Producer Image 1
Producer Image 2
, ,
About Us
?In 2011, we lost our peach crop in early February when the temperature plummeted to a fierce -12F in Velarde. It was cold enough to kill the peach buds even in complete dormancy. This was our first wake-up call that growing fruit in Northern New Mexico was a dicey endeavor. We had to diversify our crops in order to stay working on the land. With the help of the USDA/NRCS, we constructed a 2,400 sq.ft. greenhouse. Our plan was to take tomatoes to market as early as possible. The plan worked beautifully, the majority of the greenhouse crop was already sold before the outdoor tomatoes flooded the market.

In 2013 we again lost our peach crop. This time to a late spring freeze on April 18th. Again, we needed to think of a new plan. Our farm is small and extremely full as it was. We had to think outside of traditional vegetable crops that we didn’t have space for. Growing mushrooms allowed us to use land that was otherwise unusable, i.e. under the cottonwood trees along the Rio Grande. They seem to do particularly well because it’s relatively cool and moist. We have increased our production each year and now grow nearly 200 lbs. a week from May through October. We sell them at the Santa Fe and Taos Farmers’ Markets and supply over ten restaurants with weekly deliveries.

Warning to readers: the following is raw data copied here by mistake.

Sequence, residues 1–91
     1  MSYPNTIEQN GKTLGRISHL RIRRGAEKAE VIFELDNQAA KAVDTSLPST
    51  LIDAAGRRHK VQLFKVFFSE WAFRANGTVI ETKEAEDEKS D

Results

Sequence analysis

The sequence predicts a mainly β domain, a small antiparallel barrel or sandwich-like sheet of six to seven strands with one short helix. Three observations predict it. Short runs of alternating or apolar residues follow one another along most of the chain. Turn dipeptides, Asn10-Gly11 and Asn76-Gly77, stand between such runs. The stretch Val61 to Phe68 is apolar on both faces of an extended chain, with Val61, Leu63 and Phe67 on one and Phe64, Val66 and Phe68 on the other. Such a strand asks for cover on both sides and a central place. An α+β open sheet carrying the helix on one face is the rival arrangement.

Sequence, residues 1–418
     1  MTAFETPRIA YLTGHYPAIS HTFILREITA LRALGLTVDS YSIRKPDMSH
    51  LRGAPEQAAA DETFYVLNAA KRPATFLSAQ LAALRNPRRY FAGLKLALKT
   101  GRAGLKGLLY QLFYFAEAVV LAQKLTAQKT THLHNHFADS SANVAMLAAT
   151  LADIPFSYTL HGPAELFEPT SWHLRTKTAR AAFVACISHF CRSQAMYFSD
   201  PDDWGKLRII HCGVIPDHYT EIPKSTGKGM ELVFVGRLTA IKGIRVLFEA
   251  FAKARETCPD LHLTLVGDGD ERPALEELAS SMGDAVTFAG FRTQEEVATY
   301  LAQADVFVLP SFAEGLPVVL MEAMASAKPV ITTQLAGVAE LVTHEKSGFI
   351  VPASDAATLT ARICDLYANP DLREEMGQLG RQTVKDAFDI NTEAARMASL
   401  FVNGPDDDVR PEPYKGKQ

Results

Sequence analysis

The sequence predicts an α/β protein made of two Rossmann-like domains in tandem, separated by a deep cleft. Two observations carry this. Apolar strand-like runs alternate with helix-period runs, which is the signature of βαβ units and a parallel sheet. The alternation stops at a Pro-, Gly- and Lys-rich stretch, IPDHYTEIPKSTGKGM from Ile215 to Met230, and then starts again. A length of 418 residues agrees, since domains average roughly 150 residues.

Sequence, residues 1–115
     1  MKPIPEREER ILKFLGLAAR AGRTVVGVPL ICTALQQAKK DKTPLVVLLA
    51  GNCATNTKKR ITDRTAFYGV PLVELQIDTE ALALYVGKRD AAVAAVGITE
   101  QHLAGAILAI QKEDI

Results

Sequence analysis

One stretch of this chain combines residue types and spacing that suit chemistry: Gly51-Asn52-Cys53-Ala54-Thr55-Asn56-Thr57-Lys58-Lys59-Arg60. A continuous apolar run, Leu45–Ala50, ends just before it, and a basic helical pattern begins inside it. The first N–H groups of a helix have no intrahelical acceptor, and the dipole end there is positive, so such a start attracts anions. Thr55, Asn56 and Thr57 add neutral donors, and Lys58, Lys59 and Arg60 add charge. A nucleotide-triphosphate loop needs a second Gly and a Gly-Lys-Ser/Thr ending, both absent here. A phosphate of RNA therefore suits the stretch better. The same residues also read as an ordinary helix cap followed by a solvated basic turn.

We came to Northern New Mexico in 2007. We had lived and worked in agriculture in many diverse places, including Washington, Oregon, California, Colorado, The Dominican Republic, and Panama. A peach and apple orchard of our own, along the Rio Grande, was the culmination of our dreams. We bought what you might call the Lamborghini of orchards. Planted on only three acres, we have 300 apple trees and 350 peach trees. The previous owner had set us up for success: in-ground sprinklers and a frost control fan, well established water rights from the mother drain (Rio Grande), cover cropped/fertile soil, and already certified organic.